UK: Consent and the gay community

When was the last time you were groped in a bar? Did you tell him it wasn’t acceptable or did you just let it go? According to our survey, 62% of you have been touched or groped in a bar or club without your express permission.

And, unfortunately, that’s just the tip of the iceberg.

30% of respondents to our survey on consent revealed that they are the survivors of sexual assault, sexual abuse or rape. With the Harvey Weinstein revelations seemingly getting more horrific by the day, consent is finally at the forefront of people’s minds. This inevitably leads us to the question to which 52% of you answered “yes”: does the gay community have an issue with consent?


Consent is defined in law as ‘an agreement made by someone with the freedom and ability to decide something’, and in terms of sex, both parties must give consent.

Pressuring or forcing someone into sex without their consent is either rape or sexual assault, as is having sex with someone who lacks the ability to give consent because they’ve had too much alcohol or drugs – and in the UK, consequences for the perpetrator if found guilty can include a prison sentence or criminal record, and being put on the sex offenders register.

Giving consent isn’t as simple as clicking the ‘I accept the terms and conditions’ box, because consent isn’t a set menu or all-you-can-eat buffet. Someone may be willing to have, for example, oral but not anal sex, or may consent to anal sex only if a condom is used. And as with an all-you-can-eat buffet, there can come a point when you want to stop. Such choices must be respected. If they’re not, then it’s not consensual sex.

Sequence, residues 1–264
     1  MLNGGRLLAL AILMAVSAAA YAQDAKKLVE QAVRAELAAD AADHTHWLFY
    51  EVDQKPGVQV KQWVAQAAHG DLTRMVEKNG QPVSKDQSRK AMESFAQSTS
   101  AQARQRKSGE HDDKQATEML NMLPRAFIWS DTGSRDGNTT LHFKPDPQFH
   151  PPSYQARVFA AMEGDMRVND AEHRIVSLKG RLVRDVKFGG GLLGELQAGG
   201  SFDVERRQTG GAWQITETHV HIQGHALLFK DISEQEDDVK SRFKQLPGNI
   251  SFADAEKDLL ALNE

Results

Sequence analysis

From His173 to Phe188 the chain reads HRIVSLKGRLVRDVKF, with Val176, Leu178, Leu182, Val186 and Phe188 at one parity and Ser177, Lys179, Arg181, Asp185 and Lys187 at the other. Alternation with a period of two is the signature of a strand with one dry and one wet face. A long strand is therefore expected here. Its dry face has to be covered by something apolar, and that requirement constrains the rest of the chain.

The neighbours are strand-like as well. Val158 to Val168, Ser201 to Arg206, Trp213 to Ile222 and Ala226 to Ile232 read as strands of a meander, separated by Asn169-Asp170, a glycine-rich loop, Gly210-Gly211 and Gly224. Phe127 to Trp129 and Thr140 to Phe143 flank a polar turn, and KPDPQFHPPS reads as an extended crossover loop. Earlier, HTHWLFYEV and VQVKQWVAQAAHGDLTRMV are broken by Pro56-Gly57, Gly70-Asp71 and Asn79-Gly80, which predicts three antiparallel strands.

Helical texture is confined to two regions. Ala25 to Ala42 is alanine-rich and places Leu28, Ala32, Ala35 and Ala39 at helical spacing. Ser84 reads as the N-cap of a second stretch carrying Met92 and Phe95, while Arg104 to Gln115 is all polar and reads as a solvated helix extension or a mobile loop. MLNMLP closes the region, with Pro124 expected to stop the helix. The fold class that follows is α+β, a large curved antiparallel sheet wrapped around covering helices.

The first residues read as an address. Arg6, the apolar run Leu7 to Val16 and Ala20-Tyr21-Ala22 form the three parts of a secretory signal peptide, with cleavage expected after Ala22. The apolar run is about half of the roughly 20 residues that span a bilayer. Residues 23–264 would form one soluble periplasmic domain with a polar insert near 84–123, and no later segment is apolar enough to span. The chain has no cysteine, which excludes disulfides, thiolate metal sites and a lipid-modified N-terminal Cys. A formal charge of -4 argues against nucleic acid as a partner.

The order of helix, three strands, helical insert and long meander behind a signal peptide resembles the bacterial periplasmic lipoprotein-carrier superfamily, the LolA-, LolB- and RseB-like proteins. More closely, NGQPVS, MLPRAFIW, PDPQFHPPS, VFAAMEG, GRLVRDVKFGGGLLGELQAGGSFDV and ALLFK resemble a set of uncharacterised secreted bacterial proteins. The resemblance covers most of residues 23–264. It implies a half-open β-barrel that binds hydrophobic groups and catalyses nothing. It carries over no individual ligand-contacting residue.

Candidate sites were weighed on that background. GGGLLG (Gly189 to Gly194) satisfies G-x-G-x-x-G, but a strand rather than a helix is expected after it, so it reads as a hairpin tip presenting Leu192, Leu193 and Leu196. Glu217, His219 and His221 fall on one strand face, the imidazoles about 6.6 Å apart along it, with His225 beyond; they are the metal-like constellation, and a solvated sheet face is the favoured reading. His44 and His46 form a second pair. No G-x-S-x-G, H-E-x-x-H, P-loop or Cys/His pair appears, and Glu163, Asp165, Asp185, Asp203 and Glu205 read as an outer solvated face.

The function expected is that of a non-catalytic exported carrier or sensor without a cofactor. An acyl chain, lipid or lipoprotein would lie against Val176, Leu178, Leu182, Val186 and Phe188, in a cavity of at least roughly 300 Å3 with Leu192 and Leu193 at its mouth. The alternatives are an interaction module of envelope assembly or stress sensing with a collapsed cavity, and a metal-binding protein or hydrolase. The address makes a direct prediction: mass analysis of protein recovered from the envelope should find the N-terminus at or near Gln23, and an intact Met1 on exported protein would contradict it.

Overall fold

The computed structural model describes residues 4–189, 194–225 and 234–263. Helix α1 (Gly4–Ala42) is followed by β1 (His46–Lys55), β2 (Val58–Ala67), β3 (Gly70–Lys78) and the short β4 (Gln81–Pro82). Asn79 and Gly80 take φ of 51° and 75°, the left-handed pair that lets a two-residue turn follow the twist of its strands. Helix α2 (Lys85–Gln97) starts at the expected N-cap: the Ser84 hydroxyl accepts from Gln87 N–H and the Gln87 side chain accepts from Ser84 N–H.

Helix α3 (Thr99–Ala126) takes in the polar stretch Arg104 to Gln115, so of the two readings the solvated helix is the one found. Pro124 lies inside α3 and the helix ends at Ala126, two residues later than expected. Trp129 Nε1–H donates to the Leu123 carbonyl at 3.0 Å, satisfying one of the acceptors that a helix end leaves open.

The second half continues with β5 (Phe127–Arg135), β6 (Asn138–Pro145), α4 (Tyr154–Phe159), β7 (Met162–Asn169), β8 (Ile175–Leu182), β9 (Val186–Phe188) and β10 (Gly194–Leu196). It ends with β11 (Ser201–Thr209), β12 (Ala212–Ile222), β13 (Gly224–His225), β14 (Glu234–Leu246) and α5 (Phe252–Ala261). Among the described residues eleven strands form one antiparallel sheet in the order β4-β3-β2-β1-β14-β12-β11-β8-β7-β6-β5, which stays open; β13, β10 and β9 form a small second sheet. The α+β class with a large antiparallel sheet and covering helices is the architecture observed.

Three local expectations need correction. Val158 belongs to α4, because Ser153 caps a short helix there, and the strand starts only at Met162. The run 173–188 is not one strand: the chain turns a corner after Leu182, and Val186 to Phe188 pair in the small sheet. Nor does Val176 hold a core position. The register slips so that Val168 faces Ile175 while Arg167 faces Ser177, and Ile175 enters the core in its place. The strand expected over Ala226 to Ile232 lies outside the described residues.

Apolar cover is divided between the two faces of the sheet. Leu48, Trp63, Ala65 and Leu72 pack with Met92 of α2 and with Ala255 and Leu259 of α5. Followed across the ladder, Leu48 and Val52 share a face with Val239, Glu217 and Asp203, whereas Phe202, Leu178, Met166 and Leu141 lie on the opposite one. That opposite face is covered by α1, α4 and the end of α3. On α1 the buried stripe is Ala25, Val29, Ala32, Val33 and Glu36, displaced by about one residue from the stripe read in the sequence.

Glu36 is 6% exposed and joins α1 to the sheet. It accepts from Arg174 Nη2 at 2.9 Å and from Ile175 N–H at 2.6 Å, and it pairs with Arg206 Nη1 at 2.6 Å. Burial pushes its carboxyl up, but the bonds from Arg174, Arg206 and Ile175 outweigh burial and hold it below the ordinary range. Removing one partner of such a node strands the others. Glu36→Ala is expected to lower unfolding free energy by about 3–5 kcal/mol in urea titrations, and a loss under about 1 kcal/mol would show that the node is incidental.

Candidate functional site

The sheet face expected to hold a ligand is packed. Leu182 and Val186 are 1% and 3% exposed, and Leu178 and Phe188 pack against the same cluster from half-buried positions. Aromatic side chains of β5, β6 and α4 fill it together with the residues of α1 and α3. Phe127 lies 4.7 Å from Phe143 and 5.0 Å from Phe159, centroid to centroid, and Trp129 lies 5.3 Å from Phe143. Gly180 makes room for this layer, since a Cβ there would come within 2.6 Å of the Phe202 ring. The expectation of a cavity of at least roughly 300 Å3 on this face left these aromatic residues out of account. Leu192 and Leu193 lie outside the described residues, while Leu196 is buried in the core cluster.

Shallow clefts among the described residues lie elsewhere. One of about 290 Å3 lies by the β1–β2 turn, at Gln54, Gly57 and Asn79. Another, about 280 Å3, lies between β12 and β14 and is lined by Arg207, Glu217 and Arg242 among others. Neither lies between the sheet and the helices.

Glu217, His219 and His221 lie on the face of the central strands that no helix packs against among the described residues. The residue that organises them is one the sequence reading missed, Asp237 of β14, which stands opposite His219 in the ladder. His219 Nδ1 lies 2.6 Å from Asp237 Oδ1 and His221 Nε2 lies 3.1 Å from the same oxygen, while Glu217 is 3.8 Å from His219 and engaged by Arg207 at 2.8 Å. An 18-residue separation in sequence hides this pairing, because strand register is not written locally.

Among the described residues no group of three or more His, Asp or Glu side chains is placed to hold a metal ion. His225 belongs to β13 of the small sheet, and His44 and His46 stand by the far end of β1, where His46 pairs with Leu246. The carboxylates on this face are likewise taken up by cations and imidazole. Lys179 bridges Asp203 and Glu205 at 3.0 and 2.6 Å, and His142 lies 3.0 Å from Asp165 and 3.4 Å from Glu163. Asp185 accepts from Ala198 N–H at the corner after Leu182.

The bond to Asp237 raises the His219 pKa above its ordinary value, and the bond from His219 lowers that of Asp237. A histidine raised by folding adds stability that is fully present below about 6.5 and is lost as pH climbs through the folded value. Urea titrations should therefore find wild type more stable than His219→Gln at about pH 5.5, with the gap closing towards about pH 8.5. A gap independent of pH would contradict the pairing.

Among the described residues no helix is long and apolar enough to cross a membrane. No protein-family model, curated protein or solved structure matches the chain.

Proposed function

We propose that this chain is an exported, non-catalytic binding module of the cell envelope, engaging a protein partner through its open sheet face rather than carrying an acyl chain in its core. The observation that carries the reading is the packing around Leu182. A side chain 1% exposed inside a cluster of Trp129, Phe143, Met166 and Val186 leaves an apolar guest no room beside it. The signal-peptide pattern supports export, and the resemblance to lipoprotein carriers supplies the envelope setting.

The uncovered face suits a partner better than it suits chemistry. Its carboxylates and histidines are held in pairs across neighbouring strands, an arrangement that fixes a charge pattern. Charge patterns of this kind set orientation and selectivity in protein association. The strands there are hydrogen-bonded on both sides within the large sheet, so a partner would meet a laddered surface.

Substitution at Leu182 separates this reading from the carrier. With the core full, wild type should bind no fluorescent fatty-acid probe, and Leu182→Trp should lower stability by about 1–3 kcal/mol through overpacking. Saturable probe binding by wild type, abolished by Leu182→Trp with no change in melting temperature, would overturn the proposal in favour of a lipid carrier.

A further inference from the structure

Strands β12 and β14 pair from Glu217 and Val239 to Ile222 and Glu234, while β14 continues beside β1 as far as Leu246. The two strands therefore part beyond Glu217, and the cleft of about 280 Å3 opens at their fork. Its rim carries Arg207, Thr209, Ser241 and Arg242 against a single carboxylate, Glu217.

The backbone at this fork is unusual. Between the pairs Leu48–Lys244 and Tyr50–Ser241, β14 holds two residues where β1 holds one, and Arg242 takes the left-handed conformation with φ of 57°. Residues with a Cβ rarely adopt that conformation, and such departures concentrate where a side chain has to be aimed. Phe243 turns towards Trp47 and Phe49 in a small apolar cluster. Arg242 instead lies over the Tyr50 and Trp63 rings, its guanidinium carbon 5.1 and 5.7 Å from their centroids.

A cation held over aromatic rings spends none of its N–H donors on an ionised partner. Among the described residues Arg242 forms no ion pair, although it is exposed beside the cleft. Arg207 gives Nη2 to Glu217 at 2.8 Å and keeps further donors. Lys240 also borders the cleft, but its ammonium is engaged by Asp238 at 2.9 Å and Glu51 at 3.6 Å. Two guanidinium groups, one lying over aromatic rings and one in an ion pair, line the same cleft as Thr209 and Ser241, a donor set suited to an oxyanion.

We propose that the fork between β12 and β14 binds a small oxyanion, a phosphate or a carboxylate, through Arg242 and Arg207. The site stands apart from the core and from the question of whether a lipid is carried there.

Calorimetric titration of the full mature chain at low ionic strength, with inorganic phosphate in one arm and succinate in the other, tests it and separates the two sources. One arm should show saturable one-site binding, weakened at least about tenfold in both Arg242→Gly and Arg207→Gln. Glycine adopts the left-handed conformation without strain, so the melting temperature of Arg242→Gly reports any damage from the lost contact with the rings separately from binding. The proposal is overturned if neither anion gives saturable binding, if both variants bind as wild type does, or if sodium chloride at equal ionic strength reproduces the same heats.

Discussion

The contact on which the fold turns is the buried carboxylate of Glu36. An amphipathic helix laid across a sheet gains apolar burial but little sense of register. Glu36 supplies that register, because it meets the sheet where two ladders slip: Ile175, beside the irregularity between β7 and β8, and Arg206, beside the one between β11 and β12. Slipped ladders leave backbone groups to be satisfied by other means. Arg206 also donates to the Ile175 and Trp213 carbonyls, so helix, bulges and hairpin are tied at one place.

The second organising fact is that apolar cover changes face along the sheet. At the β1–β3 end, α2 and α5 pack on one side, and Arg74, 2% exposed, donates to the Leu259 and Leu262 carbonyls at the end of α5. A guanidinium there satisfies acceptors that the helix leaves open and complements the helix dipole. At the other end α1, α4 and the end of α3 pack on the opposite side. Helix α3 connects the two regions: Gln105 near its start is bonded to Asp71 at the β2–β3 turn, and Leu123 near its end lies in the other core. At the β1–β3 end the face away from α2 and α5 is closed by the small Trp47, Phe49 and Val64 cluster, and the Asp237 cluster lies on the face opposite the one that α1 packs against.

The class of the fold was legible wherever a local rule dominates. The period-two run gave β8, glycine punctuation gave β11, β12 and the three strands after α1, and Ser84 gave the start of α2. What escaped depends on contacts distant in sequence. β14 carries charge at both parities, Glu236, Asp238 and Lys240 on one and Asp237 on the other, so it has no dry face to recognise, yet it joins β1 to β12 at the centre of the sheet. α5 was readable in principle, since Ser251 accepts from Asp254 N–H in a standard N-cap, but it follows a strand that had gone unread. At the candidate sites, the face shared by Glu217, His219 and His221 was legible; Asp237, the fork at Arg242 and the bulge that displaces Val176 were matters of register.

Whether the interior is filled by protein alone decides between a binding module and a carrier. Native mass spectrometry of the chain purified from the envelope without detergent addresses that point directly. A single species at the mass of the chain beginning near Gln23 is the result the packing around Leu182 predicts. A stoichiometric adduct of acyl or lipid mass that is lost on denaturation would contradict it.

“Consent is about doing what you both, or all, want,” says Catherine Bewley, Manager of Galop’s Sexual Violence Casework Service. “Consent is not a moral judgement about how consenting adults have sex or with whom. Consent is about adults freely choosing to take part in sexual activity, without threat or coercion, and having the capacity to make an informed choice.”


What does consent mean to gay and bi men? In law, it means exactly the same regardless of gender or sexual preference. But in practice, how does the notion of consent work in an environment that’s as sexually driven as Britain’s gay scene? Read more via GMFA